Among more than 200 associations created in Iraq during the past year, there is one lay and independent organisation, with its origins in a clandestine left movement which existed under Saddam, that is now challenging the Anglo-American authority. It stands for the rights of the unemployed in Iraq – almost the entire female and male workforce, 10 million out of 25 million inhabitants. Such are the side effects of the massive privatisation imposed by the occupation forces in their aim to deregulate an essentially state-ruled economy. Although it already has 300,000 members, the UUI (Union of the Unemployed in Iraq) is considered illegal by the coalition and by the provisional government, who, at the same time, recognise other associations less inclined to protest and more apt to cooperate. Aso Jabbar, the UUI representative in Europe, tells Red Pepper about his union’s fight for real democracy in the country and about the occupation forces’ attempts to control the rising Iraqi union movement.
What is your union’s position and role in the fight against occupation?
We are openly against the occupation but we are not part of the armed resistance. We are distant from the Islamic political groups that control the resistance. Their political programme is linked to the conservative Iraqi tradition and they are not interested in the improvement of people’s life conditions. We struggle directly – together with the other movements (of workers, progressive women and students) – to defend our rights and to establish a civil, lay, secular society. Our aim is to guarantee to our people safety, real social and political liberties, and the end of poverty created by wars, the regime and the embargo. In this phase of the occupation, our union’s representatives are fighting mainly to avoid the exploitation of Iraqi workers in the reconstruction work which is ruled by Western companies and military forces. The UUI is helping NGOs deliver and distribute aid and medicine to families and people hit by the attacks.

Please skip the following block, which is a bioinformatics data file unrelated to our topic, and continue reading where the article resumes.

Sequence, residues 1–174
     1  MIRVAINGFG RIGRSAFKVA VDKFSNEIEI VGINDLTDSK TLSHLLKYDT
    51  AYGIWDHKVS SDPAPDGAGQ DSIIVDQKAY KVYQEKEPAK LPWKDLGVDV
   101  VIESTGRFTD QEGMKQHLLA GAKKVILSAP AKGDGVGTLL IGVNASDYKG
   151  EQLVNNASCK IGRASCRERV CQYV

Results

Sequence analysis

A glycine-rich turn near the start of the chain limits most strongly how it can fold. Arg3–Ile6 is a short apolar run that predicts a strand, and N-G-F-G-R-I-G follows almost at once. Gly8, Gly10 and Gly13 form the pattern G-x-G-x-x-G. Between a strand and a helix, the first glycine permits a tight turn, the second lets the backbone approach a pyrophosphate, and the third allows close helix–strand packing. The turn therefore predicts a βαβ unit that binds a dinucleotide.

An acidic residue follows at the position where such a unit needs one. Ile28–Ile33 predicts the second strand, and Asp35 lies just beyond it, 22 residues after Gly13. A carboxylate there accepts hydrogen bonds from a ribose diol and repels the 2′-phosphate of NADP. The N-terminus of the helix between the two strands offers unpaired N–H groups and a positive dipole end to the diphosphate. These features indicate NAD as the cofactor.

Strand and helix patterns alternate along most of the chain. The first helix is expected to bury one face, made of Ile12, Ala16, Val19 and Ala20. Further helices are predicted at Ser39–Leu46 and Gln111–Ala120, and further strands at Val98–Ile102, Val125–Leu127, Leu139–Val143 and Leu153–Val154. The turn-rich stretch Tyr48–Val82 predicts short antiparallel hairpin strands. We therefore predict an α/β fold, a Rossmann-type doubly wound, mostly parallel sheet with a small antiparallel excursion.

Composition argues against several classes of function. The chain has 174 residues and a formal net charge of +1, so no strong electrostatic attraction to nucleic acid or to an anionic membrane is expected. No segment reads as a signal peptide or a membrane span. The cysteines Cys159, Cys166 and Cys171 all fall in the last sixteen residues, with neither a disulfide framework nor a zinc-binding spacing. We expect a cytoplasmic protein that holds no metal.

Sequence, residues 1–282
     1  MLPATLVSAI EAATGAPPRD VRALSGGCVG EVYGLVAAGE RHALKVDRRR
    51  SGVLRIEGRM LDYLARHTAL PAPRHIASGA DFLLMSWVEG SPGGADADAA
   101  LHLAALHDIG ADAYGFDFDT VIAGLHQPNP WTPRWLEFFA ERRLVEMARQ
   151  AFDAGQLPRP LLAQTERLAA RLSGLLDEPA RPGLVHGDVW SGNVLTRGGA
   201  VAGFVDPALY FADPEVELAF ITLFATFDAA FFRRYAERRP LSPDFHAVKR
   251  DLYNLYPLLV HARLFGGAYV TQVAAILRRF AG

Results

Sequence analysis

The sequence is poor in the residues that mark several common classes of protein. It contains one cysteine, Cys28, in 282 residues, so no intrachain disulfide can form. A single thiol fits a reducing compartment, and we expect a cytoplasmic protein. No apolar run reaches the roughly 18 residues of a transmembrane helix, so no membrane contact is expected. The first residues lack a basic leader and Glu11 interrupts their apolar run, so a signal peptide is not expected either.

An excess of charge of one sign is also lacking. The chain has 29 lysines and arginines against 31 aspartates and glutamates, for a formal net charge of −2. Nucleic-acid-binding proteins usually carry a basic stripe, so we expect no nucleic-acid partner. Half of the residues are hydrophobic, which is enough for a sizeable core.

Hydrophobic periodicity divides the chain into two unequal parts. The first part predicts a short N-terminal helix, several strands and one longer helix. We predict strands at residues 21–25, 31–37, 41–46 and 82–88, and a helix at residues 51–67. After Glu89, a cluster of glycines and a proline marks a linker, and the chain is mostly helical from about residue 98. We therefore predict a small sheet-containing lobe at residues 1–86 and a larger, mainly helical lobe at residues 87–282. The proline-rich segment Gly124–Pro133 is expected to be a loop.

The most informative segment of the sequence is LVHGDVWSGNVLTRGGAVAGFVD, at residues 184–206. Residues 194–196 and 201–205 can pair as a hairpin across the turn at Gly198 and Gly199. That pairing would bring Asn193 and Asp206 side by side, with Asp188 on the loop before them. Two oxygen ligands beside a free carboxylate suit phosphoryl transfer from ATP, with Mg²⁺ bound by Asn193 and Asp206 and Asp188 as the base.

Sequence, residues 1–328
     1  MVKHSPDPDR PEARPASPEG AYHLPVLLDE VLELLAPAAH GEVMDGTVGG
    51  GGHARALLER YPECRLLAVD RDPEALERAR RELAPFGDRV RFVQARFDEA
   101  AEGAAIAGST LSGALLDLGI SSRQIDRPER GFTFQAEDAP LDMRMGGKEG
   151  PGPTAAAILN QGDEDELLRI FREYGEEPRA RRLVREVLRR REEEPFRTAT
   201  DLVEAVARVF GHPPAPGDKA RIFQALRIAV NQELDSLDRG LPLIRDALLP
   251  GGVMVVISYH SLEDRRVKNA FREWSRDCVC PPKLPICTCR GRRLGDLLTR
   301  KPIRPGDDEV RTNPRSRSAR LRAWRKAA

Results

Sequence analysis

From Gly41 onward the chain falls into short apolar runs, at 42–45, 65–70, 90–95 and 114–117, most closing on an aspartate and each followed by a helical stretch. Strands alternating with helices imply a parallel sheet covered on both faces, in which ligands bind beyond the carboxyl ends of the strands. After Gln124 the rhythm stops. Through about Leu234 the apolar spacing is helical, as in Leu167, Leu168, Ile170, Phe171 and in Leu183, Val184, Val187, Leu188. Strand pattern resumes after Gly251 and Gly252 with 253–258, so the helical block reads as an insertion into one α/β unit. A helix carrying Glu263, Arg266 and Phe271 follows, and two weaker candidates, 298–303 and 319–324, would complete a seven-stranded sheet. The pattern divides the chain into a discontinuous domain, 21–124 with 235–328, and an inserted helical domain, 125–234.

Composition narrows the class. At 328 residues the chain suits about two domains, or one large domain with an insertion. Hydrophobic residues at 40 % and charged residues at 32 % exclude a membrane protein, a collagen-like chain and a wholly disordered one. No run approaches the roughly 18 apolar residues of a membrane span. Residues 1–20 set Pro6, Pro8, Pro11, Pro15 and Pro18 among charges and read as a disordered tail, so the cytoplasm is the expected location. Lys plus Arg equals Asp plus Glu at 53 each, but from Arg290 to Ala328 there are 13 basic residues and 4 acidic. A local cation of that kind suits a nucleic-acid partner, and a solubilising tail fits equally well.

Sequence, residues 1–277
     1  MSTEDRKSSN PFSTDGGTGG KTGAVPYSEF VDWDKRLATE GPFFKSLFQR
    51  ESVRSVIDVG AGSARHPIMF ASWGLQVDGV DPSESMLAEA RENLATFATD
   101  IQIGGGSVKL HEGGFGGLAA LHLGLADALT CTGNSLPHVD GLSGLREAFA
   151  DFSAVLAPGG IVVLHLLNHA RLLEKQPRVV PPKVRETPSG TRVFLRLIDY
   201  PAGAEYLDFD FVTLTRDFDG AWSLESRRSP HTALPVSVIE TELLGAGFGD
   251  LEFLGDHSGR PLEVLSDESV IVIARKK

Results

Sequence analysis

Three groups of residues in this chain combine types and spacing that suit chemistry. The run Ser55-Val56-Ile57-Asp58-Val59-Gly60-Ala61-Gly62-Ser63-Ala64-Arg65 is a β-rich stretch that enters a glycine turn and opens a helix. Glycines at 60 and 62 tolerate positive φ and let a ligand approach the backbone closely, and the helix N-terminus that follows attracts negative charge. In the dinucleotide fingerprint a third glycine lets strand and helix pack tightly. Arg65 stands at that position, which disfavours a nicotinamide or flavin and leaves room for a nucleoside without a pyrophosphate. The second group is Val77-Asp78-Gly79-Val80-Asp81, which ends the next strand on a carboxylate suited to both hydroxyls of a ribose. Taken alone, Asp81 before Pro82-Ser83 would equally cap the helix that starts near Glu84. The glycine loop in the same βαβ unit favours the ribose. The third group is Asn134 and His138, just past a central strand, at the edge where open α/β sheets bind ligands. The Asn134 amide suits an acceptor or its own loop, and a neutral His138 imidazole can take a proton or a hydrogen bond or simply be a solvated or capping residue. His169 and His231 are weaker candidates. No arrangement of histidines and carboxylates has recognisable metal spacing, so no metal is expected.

Since the fall of Saddam Hussein’s regime, different unions have been created in Iraq. Yours has a wide and popular support but is considered illegal by the provisional government, although it recognises other unions. What is the basis for this discrimination against the UUI?
The democratisation policy in Iraq proclaimed by the Anglo-American authorities also provides for the control of unions. Through the allocation of funds – more than $5m has been handled by the American confederation Afl-Cio for this purpose – the US and UK say that they want to reconstruct the union movement in our country. But this money might be given only to the associations that are closer to the provisional government, like IFTU (Iraqi Free Trade Unions). Composed mainly of old nationalists and the only union recognised by the coalition, IFTU is also the only candidate to have been accepted as a member of the international labour union confederation and to be recognised by all the other main labour federations, like the European TUC. But IFTU doesn’t seem to act as a real union, they don’t fight – like we do – for aid and subsidies for the poorest families. They are not so keen on the enshrinement in law of rights which are still denied, ranging from free association to the right to strike. Furthermore, their protest action is nearly non-existent; they say they are against foreign exploitation of our natural resources but seem more interested in helping foreign firms to reconstruct rather than defend workers’ rights. However, the fact that they are recognised by the new government is forcing many Iraqis to join them if they want a job.
UUI asked for affiliation to the international confederation (ICFTU) and the support of Arabic Unions (ICATU), and you also appealed to the International labour organisation (ILO) to have a real labour code. What answers did you get?
Apart from promises and good intentions, the international union movement hasn’t answered us yet. We are waiting for the ILO to take up a position against the violations denounced by us, by starting an inquiry into the Iraqi situation. But the ILO is an agency of the UN, which has showed it has no real power in Iraq. Therefore, until the occupation forces are replaced by UN forces, there can’t be any real improvement in civil, human and workers’ rights in Iraq. As far as the Arabic confederation ICATU is concerned, its official position is neutral but in reality the response changes according to the member country. For example, we are fully supported by the Lebanese Union, but others, such as Syria, Egypt or Libya have hesitations, since they fear political consequences for their governments.
Hilary Wainwright argues against reclaiming populism for the left and for a leadership that supports people’s capacity for self-government
It may seem as though these apps are working for us, but we are also working for the apps, writes Kurt Iveson
It's over 100 years ago that domestic workers began to organise to demand the same rights as other workers. Yet with LSE cleaners on strike this week, historian Laura Schwartz asks: how much has really changed?
Omar Barghouti asks whether Donald Trump, in his recent break with America’s long-standing support for the two-state solution, has unwittingly revived the debate about the plausibility, indeed the necessity, of a single, democratic state in historic Palestine?